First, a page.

Over the past few years, CRISPR has been making headlines. Experts predict that this gene editing technology will transform our planet, revolutionizing the societies we live in and the organisms we live alongside. Compared to other tools used for genetic engineering, CRISPR (also known by its more technical name, CRISPR-Cas9) is precise, cheap, easy to use, and remarkably powerful. Discovered in the early 1990s, and first used in biochemical experiments seven years later, CRISPR has rapidly become the most popular gene editing tool among researchers in fields such as human biology, agriculture, and microbiology. Scientists are still in the earliest stages of figuring out how we can use CRISP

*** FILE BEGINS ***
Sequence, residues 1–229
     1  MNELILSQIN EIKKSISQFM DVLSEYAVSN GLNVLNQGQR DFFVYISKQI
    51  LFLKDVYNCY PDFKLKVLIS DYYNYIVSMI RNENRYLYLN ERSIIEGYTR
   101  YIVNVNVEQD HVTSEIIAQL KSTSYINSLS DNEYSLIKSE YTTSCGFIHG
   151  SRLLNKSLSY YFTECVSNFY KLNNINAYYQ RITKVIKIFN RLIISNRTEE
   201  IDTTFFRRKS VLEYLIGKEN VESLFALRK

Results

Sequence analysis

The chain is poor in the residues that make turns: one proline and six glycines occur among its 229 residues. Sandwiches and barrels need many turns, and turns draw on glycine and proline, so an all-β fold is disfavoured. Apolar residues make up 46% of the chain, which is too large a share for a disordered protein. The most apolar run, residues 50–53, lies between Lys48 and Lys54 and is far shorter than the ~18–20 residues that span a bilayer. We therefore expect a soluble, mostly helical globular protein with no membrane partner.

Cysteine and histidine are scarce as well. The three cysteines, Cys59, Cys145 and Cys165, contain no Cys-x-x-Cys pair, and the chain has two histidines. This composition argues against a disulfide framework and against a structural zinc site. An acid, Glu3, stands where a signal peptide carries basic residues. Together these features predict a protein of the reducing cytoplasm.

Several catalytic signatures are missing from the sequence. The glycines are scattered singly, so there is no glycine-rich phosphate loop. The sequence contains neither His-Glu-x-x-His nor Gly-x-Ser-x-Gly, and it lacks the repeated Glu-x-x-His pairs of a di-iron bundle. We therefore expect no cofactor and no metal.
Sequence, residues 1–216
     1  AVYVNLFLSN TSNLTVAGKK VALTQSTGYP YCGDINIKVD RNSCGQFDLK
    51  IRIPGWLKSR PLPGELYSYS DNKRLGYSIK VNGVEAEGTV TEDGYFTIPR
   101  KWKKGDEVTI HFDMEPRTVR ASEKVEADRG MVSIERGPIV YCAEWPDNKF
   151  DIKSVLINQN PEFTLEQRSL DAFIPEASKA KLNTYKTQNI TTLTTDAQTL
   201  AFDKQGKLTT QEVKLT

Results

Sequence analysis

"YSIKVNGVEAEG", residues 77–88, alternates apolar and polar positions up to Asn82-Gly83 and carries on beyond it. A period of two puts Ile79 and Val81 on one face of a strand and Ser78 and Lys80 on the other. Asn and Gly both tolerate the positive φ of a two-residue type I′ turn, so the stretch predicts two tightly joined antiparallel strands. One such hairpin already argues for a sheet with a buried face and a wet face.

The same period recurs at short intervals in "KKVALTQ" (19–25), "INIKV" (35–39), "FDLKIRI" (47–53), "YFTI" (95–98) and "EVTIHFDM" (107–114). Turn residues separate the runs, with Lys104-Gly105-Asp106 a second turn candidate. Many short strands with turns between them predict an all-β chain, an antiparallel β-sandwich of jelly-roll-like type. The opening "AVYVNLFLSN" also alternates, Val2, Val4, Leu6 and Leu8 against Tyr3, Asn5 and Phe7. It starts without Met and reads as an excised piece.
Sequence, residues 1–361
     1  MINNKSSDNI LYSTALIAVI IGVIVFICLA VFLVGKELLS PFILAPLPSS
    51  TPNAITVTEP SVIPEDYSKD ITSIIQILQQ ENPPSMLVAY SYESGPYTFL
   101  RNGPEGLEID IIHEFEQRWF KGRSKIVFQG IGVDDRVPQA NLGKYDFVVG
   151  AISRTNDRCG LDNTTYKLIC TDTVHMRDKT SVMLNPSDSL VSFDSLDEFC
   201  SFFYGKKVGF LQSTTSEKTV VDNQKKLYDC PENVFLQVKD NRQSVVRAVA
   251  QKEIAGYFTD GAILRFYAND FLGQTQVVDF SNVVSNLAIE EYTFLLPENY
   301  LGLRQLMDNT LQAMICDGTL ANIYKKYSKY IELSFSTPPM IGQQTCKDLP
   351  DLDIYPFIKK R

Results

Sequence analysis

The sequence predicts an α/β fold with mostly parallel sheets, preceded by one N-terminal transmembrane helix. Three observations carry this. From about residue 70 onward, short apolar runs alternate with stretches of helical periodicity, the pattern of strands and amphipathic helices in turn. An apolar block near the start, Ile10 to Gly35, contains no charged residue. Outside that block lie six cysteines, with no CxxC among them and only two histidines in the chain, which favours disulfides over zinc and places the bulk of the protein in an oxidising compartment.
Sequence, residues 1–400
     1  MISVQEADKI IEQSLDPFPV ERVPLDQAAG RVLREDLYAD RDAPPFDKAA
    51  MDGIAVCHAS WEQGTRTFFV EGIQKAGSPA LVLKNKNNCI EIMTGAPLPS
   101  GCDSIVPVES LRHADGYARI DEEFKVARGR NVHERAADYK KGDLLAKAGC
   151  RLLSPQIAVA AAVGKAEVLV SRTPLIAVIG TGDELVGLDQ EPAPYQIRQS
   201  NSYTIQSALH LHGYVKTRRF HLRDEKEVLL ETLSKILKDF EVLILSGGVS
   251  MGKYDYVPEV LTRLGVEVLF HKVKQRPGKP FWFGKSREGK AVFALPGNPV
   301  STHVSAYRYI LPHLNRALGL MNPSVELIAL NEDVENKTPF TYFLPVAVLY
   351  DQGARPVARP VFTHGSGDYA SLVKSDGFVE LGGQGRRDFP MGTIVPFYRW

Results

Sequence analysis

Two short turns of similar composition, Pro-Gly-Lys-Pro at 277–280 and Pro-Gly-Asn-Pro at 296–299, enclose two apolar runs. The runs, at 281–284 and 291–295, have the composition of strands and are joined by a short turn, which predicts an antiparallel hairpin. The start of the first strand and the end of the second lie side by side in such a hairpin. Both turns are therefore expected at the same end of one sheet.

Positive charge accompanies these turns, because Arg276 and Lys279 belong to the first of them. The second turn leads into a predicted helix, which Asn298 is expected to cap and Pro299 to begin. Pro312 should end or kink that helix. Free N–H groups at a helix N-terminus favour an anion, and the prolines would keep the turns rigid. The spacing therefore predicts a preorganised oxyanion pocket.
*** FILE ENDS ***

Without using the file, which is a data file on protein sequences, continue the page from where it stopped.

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Dr. Jain is solely responsible for the information published on this website, which in no way represents the views and strategies of his employer. 

Chicago, Illinois, United States